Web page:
Organist Cameron Carpenter to meet with LGBT adolescents

By : Krista DiTucci
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On Feb. 27, world-renowned organist Cameron Carpenter will meet with members of Blake High School’s LGBT youth club Common Grounds for a lecture/demonstration at the Straz Center for the Performing Arts.

Carpenter will be meeting with 25 student members of Common Grounds to discuss his music, career and the International Touring Organ. He will then entertain students with a brief performance of the touring organ. Carpenter’s appearance is in conjunction with his concert later in the evening at the Straz Center.

The sound and mechanics of the touring organ defy social norms and push the envelope. Carpenter says his musical innovation can be used as a tool to inspire freedom among all audiences including the LGBT community. The touring organ is a specially designed digital instrument consisting of five keyboards, a set of foot pedals and a bank of speakers. Carpenter says its purpose is to create “a single great organ transportable anywhere in the world, and to keep it consistent from venue to venue.”

Suzanne Livesay, Straz Center’s vice president of education, says Carpenter takes organ performance to a new level.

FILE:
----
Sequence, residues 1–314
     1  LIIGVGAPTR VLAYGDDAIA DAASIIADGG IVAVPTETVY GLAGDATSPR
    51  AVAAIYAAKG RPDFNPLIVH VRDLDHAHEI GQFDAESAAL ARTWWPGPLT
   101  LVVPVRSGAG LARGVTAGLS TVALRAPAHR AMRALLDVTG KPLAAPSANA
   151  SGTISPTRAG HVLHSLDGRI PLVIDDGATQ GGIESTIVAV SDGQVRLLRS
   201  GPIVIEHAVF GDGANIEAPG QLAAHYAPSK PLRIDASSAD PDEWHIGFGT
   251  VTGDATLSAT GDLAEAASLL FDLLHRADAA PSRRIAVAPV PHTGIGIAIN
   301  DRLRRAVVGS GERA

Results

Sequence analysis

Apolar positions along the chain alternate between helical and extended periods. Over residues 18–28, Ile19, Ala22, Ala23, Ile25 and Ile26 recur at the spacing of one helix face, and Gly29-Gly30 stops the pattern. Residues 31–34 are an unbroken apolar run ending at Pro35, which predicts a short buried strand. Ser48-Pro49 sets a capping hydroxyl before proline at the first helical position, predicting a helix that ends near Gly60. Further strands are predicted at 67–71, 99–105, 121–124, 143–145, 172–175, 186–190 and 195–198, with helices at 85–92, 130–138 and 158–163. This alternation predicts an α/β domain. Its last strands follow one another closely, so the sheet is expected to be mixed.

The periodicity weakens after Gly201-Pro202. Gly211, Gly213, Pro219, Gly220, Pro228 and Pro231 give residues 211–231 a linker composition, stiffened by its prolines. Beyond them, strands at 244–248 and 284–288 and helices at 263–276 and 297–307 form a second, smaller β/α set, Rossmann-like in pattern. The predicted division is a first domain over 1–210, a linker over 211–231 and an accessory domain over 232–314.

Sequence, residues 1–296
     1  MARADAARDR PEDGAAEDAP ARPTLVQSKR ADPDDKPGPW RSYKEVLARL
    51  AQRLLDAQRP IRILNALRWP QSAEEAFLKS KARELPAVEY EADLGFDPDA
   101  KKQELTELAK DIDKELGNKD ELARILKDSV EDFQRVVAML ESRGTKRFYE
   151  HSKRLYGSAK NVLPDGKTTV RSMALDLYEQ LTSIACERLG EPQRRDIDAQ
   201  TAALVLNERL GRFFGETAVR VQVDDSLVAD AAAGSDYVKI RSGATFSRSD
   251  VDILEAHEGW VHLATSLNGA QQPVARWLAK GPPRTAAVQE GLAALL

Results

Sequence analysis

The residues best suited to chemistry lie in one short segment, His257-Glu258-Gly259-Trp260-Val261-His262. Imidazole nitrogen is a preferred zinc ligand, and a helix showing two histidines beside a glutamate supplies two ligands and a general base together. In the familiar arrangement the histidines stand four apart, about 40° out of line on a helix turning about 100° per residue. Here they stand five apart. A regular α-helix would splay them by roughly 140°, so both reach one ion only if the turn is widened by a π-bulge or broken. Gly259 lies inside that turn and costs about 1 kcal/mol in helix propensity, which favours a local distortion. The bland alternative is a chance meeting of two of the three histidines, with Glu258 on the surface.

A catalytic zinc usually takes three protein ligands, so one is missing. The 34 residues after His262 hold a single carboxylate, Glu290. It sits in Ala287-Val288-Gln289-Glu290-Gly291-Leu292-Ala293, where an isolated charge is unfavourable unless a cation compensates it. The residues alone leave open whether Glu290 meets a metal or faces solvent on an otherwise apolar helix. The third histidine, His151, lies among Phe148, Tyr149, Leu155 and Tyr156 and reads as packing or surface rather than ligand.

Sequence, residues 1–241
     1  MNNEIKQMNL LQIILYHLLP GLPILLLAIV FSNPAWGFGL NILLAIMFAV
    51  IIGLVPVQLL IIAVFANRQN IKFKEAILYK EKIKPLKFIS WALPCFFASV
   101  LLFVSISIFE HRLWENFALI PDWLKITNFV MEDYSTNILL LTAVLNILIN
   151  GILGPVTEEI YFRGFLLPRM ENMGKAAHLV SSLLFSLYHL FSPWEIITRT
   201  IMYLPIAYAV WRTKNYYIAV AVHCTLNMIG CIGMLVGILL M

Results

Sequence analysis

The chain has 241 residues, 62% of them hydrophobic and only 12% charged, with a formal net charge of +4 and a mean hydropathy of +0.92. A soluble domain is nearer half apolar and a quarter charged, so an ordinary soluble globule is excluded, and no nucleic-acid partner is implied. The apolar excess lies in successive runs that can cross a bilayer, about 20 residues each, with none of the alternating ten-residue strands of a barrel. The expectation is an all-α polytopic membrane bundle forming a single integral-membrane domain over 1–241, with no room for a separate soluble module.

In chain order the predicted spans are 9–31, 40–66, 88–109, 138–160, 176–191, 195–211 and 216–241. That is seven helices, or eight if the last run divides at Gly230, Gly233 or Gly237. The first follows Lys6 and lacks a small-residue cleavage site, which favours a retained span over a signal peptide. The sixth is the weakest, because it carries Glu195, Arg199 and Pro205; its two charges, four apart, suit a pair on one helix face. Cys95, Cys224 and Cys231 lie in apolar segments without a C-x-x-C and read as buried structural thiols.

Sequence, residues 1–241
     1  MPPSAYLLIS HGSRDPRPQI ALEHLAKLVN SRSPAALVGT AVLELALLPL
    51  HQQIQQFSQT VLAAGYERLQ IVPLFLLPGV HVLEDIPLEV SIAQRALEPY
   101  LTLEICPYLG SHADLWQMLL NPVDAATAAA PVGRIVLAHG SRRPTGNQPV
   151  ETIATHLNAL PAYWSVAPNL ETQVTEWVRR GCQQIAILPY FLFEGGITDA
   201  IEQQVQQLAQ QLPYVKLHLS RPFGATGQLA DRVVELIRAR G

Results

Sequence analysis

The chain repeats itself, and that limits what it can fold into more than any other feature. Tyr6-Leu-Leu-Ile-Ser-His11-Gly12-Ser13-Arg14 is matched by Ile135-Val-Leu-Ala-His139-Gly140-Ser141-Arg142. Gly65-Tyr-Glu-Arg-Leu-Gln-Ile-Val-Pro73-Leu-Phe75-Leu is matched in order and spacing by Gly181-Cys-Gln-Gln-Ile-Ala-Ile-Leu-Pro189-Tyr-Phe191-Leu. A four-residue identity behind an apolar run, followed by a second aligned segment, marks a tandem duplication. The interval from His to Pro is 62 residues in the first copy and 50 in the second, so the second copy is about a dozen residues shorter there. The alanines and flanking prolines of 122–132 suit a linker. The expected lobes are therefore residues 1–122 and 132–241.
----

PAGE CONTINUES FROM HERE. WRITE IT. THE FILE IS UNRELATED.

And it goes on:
“He’s lived out what he believes through his art,” Livesay says. “You have to agree with the fact that he’s not just talking the talk. He is creating a whole new paradigm on how to interpret music.”

Livesay also says Carpenter is one of the few performers she has encountered who takes the time to talk to audiences before his performances.

“I get the impression that he really wants people to connect with who they believe they really are,” Livesay says. “Connecting with who you are is a critical component of how the LGBT community feels, especially adolescents.”

Carpenter will be performing in Ferguson Hall at the Straz Center at 7:30 p.m. Tickets range from $25 to $45 and may be purchased by phone at (813) 229-STAR, in person at the StrazCenter ticket sales office, or online at

“I’m excited for not only the opportunity to have an outlet for reaching out to a group of students, but I’m also hoping those students will be exposed to how the arts feed into the causes they believe in,” Livesay says. “I want them to see that you can use the impact you’ve made for the greater good.”

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